In Health, the percentage of accidental breaches is higher than in other industries at 30% in the latest 2020 Verizon Data Breach report.. Given the number of patients and the complex claims process it is not surprising that mistakes are the number one cause of breaches. One of the two main categories is the OOPs of sending sensitive information to the wrong email(s). There is new hope. There are now new data tracing capabilities like Cyberhaven’s Data Behavior Analytics(DaBA) that can help identify these scenarios and establish simple rules to prevent them.
Since Healthcare ranked the highest for internal bad actors in the Verizon report, real-time monitoring of health employees is absolutely necessary. An effort must be made to catch as many of these oops and correct for them in real-time if possible. Again, this is where partnering with Human Resources teams can evolve training and other programs to help maintain productivity while sensitizing employees to these types of errors. The right level of monitoring will focus on the data and put the right type of tools in place. Monitoring must not be intrusive and violate employee privacy but recognize that obviously everyone can and is making mistakes.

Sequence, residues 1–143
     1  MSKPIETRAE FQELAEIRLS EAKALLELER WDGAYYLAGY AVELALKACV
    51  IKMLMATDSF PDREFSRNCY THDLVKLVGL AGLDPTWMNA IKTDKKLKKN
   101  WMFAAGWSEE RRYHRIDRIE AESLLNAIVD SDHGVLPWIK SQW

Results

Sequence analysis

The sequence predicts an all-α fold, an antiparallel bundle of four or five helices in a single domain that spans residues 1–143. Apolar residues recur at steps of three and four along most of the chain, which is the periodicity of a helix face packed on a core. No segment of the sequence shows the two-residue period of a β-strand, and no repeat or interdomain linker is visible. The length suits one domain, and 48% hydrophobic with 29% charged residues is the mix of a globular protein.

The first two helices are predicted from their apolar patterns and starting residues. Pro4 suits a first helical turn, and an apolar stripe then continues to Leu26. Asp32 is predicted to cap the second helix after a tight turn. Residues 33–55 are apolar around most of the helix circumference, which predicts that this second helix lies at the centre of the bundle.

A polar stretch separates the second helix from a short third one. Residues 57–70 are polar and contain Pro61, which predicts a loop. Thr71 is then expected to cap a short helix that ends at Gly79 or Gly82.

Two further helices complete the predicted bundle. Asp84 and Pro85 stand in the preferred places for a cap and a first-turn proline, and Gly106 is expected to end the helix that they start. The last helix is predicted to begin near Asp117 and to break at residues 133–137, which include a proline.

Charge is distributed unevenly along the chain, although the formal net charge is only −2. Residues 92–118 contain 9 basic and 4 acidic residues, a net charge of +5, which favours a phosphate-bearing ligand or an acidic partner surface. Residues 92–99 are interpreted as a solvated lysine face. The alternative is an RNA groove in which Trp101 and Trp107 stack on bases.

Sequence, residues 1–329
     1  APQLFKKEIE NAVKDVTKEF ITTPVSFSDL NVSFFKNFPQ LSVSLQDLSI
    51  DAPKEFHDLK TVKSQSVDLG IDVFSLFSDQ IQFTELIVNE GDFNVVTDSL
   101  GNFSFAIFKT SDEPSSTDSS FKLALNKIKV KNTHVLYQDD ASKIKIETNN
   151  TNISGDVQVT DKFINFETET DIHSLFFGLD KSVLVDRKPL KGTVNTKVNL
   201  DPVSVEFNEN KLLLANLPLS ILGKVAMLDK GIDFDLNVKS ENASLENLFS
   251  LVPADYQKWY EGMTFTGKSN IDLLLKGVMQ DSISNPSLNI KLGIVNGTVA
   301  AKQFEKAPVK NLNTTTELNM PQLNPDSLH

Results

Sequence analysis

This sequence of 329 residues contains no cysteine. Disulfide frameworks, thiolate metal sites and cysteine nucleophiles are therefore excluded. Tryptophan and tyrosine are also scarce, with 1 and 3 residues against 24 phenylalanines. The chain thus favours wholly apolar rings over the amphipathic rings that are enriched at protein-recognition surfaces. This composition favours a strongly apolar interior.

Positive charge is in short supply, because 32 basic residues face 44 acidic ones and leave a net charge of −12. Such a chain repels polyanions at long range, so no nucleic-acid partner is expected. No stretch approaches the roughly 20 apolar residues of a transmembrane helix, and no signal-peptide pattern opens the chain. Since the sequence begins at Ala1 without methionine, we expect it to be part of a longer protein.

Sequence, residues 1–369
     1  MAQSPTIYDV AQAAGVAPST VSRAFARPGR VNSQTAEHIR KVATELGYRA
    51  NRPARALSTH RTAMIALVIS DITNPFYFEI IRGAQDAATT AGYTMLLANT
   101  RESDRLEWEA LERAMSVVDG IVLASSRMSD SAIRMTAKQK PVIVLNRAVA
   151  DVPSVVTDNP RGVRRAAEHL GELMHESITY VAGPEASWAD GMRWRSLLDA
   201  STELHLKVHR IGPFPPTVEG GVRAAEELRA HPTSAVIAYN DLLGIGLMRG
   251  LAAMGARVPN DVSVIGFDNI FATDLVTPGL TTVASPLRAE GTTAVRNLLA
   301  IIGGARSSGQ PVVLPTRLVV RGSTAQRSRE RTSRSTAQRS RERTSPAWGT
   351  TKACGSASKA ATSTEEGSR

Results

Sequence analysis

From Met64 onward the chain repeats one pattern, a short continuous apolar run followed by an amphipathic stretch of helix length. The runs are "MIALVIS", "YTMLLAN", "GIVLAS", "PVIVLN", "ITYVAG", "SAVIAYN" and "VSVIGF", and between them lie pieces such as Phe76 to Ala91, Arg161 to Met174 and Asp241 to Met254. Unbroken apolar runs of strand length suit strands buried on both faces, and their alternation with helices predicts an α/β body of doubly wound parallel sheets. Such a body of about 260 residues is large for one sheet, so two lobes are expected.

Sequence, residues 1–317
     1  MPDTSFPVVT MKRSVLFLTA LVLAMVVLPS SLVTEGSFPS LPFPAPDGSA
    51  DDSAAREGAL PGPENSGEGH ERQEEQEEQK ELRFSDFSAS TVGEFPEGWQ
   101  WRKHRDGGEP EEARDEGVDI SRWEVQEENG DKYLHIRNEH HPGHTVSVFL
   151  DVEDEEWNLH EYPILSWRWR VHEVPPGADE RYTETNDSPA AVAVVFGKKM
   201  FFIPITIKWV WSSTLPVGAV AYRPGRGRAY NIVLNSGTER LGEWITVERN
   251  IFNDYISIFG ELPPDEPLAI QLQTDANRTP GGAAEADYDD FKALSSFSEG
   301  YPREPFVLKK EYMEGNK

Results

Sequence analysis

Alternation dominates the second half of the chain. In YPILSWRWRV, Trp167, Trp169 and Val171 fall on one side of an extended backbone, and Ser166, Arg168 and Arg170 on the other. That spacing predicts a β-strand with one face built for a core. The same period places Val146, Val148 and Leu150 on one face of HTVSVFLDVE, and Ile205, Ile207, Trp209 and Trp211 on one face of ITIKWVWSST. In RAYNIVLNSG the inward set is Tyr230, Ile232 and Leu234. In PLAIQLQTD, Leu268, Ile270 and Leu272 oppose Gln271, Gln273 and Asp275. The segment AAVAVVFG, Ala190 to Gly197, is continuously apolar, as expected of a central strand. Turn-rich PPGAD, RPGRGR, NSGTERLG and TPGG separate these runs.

TALK TO THE TECHIES